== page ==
McDaniel gets probation for throwing punch

KNOXVILLE, Tenn. -- Tennessee defensive tackle Tony McDaniel pleaded guilty Thursday to hitting a student in the face during a pickup basketball game in January.

McDaniel, suspended since the incident, will be allowed to return to the team, but coach Phillip Fulmer announced that McDaniel will have to sit out the first two games of the season, complete community service, attend anger management counseling and abide by a curfew for the fall semester.

"He is a good young man that made a bad decision and now has a second chance to move forward. I hope and feel he will take advantage of it," Fulmer said.

McDaniel made a deal with prosecutors to have the original felony charge reduced to misdemeanor assault. He was sentenced to 11 months and 29 days but was placed on immediate probation and isn't expected to spend any time in jail.

Knox County Criminal Court Judge Ray Jenkins told McDaniel that he will remain under supervised probation until he pays restitution to the victim.

McDaniel was charged with aggravated assault in January and could have faced up to six years if convicted under the felony charge.

His case was also dealt with by the university, which placed him on indefinite probation. He was suspended for the summer school sessions and is not allowed to enter the student recreation center where the fight took place, school officials said.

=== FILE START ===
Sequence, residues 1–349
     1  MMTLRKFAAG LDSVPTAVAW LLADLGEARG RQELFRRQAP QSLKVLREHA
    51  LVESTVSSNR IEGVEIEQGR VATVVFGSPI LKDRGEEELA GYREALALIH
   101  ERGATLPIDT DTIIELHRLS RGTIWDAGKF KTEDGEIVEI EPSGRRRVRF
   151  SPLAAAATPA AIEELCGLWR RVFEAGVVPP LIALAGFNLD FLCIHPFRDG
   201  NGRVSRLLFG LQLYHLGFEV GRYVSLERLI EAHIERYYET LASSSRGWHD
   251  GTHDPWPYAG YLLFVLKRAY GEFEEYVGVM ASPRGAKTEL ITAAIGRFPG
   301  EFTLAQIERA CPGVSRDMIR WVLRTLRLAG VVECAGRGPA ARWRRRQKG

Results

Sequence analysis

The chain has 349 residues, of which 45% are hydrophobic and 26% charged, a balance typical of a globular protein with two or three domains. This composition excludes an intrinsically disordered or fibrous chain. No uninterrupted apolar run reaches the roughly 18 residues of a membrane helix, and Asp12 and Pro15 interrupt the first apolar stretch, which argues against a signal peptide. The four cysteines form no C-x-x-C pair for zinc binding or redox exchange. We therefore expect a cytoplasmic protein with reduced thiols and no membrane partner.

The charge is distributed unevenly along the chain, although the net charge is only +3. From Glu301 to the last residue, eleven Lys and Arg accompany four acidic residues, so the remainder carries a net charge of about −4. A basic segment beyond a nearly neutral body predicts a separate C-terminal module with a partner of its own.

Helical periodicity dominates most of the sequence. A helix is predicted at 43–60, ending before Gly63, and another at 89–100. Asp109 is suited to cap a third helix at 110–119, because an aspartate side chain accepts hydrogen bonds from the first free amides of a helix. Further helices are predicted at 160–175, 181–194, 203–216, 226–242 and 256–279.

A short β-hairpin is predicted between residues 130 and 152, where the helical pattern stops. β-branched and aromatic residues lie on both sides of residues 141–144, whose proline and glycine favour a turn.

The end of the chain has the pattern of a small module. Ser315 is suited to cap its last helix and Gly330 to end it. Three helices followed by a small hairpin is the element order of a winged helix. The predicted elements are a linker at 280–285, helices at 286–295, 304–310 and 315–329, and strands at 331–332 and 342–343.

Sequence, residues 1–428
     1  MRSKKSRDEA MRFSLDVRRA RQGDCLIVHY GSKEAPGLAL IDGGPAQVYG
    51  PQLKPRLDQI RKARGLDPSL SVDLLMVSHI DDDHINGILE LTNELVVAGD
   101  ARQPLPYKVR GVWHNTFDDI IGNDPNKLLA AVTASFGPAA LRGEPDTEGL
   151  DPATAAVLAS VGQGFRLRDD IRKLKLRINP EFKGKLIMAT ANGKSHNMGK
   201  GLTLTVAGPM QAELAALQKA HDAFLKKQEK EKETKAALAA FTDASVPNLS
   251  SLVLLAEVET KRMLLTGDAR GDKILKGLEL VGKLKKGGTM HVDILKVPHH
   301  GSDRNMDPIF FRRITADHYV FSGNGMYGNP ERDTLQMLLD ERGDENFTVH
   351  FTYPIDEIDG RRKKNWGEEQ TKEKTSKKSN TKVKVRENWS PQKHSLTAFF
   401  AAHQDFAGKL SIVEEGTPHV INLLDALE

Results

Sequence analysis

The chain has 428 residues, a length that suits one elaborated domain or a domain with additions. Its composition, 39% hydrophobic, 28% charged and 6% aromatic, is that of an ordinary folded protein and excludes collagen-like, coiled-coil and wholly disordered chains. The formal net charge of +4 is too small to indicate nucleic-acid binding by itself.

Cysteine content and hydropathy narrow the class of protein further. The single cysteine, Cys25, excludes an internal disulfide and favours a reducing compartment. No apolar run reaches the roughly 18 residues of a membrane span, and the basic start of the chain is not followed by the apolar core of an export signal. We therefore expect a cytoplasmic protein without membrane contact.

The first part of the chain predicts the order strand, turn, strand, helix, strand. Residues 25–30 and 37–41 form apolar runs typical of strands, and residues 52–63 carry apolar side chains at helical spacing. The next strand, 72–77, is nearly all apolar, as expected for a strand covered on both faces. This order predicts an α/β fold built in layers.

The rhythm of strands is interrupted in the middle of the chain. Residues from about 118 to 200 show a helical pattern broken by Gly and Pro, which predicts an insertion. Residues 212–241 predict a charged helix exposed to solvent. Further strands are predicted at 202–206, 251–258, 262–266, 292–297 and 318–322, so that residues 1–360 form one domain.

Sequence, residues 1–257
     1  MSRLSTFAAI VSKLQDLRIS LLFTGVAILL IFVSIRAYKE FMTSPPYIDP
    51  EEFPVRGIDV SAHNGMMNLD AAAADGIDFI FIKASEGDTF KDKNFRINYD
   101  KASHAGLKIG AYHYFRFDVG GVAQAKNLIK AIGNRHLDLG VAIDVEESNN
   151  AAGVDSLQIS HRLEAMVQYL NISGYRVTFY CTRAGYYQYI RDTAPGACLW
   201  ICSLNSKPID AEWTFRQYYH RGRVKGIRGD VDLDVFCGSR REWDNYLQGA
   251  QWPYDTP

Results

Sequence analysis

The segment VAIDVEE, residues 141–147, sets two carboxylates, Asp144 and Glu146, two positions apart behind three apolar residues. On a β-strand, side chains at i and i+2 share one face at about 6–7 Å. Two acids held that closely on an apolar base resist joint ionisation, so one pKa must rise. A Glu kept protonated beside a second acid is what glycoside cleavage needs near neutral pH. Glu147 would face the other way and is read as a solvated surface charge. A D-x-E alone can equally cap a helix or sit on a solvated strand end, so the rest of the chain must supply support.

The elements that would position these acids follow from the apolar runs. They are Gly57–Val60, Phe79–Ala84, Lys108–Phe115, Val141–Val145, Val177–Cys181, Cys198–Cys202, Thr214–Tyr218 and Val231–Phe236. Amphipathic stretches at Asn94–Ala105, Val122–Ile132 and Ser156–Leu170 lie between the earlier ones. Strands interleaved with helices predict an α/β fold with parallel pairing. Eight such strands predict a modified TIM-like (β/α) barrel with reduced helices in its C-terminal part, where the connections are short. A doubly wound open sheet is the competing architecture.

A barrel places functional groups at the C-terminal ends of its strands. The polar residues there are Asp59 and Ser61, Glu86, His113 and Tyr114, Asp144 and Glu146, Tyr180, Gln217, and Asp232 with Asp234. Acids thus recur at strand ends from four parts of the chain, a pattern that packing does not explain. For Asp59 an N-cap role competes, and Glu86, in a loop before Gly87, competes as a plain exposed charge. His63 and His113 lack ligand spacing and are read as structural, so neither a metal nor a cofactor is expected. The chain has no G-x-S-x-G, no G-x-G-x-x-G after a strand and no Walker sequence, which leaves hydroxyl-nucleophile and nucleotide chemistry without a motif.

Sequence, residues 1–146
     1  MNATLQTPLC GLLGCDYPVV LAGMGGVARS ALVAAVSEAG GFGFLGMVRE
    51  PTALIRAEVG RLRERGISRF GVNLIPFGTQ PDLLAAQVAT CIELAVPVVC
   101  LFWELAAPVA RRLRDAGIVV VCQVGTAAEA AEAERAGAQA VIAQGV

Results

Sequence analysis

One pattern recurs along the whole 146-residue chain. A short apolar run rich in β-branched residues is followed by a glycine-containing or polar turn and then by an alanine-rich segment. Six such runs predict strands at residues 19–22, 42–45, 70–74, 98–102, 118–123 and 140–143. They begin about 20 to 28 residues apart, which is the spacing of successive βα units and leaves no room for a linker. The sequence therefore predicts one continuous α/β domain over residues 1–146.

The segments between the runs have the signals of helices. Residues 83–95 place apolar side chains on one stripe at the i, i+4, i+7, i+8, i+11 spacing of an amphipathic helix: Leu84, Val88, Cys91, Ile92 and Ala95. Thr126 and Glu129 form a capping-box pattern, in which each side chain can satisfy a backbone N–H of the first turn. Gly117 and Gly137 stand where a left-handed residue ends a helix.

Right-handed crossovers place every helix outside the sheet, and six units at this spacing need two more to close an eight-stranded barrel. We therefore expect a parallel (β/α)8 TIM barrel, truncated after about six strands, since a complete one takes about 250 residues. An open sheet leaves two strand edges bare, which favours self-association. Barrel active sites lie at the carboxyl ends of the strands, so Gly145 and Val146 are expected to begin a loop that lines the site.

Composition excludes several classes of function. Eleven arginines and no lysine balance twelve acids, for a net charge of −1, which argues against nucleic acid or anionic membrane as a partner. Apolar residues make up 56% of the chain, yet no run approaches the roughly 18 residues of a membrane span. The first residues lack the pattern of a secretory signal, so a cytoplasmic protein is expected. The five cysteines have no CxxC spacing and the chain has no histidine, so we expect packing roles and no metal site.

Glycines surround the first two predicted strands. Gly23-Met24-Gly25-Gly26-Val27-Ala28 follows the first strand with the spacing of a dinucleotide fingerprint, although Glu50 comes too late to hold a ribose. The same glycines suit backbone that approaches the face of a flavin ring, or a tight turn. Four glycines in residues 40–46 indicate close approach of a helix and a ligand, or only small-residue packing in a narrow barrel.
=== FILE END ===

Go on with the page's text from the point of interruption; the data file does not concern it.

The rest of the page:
The 6-foot-7, 295-pound McDaniel was accused of hitting Edward Goodrich, a 26-year-old student. Goodrich testified during a hearing in April that the punch broke his face in four places and doctors had to insert a metal plate to treat his injuries.

McDaniel declined to be interviewed after the hearing. His attorney, Don Bosch, said he was very pleased with the outcome.

"We appreciate Mr. Goodrich's position and, frankly, the seriousness of his injuries. This is a very serious matter that was unintended by Tony. We're going to make this right with Mr. Goodrich," Bosch said.

McDaniel, who will be a junior this fall, made his first career start for Tennessee in the Volunteers' 38-7 win over Texas A&M in the Cotton Bowl.

The defensive tackle is one of 13 Tennessee players who have been either arrested or cited for crimes ranging from aggravated assault to underage drinking since February 2004.